Nearly one in four homeowners with a mortgage say they may have to sell if rates keep rising

Nearly one in four homeowners with mortgages, or 23 per cent, believe they may be forced to sell if interest rates increase further, according to a new survey released Monday by Manulife Bank.

The report, which surveyed more than 2,000 Canadians, also found that 18 per cent of individuals with a mortgage already feel they can no longer afford the home they own, citing rising interest rates, inflation, or the overall cost of living.

“There’s definitely concern in the marketplace,” said Lysa Fitzgerald, vice-president of sales at Manulife Bank. “Canadians are feeling not as in control as they’d like to be, and perhaps some don’t really have a strong sense of what an increase in interest rates and inflation mean to their specific budget and cash flow.”

The survey also found Canadians’ debt load is increasing, with 50 per cent of respondents claiming their spending is now outpacing their income, up from 35 per cent a year ago.

“This large statistical increase that is observed relative to previous waves is likely attributable, in no small part, to rising interest rates and inflation,” the report reads.

Earlier this month, the Bank of Canada announced it was raising its target for the overnight rate to 1.5 per cent, an increase of half a percentage point. The June announcement came after a similar half-point hike in April. Experts expect additional increases to the overnight rate this year, after nearly two years of exceptionally low interest rates throughout the pandemic.

While the Bank of Canada does not set mortgage rates, variable-rate mortgages and home equity lines of credit are closely pegged to the bank’s overnight rate (fixed-rate mortgages are typically tied with the bond market).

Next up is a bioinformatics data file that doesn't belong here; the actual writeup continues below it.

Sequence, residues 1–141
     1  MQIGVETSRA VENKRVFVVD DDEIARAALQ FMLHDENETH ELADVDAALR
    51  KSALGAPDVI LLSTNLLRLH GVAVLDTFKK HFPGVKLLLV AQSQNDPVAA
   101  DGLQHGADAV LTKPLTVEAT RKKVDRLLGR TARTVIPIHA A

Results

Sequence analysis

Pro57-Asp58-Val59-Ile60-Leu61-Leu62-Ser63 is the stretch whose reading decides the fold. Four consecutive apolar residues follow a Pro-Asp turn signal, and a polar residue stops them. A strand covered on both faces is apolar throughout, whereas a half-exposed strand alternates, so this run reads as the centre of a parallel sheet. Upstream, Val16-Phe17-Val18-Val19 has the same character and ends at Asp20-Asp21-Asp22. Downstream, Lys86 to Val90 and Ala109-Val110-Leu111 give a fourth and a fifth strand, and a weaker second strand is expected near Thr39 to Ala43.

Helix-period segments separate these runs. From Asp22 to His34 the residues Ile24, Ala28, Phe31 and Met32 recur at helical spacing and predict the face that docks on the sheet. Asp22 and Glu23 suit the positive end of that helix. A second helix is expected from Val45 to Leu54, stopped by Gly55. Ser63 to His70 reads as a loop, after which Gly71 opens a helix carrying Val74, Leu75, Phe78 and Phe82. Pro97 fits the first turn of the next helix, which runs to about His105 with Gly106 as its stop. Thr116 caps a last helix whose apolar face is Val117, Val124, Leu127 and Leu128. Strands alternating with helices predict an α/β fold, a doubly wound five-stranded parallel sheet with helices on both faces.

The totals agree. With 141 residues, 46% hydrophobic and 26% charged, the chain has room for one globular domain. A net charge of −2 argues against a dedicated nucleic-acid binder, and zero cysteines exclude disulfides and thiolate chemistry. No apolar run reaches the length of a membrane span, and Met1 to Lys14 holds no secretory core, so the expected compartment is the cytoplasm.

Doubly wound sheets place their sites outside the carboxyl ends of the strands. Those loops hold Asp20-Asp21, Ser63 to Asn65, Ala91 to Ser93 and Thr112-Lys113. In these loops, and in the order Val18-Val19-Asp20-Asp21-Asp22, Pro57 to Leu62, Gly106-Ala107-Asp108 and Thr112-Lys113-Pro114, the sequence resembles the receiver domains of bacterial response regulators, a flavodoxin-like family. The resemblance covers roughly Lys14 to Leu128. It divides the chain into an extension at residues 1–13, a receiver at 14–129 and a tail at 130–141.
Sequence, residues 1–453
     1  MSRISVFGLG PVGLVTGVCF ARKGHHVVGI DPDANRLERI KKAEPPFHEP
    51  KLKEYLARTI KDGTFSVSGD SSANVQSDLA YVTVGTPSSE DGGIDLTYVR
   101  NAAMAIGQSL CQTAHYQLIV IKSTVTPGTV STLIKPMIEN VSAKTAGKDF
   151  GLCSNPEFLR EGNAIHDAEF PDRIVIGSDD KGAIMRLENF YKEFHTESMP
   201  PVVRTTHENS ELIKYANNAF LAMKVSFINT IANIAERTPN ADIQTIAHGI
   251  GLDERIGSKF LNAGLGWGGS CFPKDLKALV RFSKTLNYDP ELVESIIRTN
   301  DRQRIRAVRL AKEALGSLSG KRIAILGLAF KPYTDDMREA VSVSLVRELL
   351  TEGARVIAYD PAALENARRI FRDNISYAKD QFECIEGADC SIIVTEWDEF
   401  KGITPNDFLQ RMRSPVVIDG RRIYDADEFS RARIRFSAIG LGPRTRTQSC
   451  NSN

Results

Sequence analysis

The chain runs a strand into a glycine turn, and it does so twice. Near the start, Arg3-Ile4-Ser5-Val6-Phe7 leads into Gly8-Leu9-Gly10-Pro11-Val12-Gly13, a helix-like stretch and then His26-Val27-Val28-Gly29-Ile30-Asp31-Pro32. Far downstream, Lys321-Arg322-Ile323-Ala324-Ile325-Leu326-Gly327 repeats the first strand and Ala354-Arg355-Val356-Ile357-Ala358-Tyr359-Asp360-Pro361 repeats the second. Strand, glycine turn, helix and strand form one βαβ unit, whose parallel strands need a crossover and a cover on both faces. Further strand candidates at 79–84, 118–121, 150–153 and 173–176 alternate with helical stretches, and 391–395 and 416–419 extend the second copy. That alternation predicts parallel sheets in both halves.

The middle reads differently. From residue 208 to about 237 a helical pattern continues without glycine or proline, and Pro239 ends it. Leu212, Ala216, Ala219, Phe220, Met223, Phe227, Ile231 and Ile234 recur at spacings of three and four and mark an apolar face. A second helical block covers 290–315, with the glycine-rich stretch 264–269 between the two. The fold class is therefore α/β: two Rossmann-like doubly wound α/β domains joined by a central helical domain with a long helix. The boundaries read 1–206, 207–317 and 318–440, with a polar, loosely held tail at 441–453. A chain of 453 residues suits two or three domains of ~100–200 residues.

Ian Calvert, vice-president and principal at HighView Financial Group, said a combination of low interest rates along with the increase in home values ​​over the past few years encouraged a lot of debt among Canadians.

“Debt levels got really high over the last couple of years,” he said. “But that party is now over as the cheap money and really low interest rates have come to an end.”

Calvert said it will be challenging for some Canadians to service this amount of debt. “Those low rates will not last forever, as they were artificially low to stabilize and support the economy during the global pandemic,” he said.

Simeon Papailias, a real estate agent and co-founder of REC Canada, said about eight in 10 home buyers he has dealt with over the past two years have taken advantage of the low interest rates and signed a variable-rate mortgage. However, he said more clients are now inquiring about locking in fixed-rate mortgages, especially as interest rates continue to increase.

Papailias does not expect the higher mortgage rates will affect the majority of Canadians in terms of their ability to pay off their mortgage.

“Our banking system is extremely conservative,” he said. “We are nowhere near what these homeowners were stress-tested against when their mortgages were approved.”

Mary Sialtsis, a mortgage broker with Concierge Mortgage Group, said Canadians’ perceptions may not be matching reality.

“After the Bank of Canada raised its rates by half a per cent, I had a client who was under the impression that his mortgage payment was going to go up by $1,000. In actuality, it’s $120 a month, which is still an amount of money, but certainly not $1,000,” she said.

In 2017, an average five-year fixed mortgage rate was around 2.89 per cent, Sialtsis said, noting if you had a $500,000 mortgage, you were paying about $2,338 a month. Now, with rates at about 4.5 per cent, you can expect to pay about $2,688 for a 20-year amortization. “It’s not that much higher,” she said, “because when you started five years ago, you owed $500,000 whereas now you only owe $426,000, so the mortgage payment is being calculated on a lower base.”

Janet Gray, a financial planner with Money Coaches Canada, said though mortgages rates have increased, they are still reasonable, “especially when you can still get a mortgage for less than five per cent, even though interest on your credit card is at 20 per cent. cent.”

Don’t panic, she said. Instead create a plan for how to deal with increasing mortgage rates.

“For some people, there’s no reason to stress but they feel that they should because everyone else is,” she said. “Know yourself, know your rules, know your situation and know what your outcomes could be.”

With files from Rosa Saba


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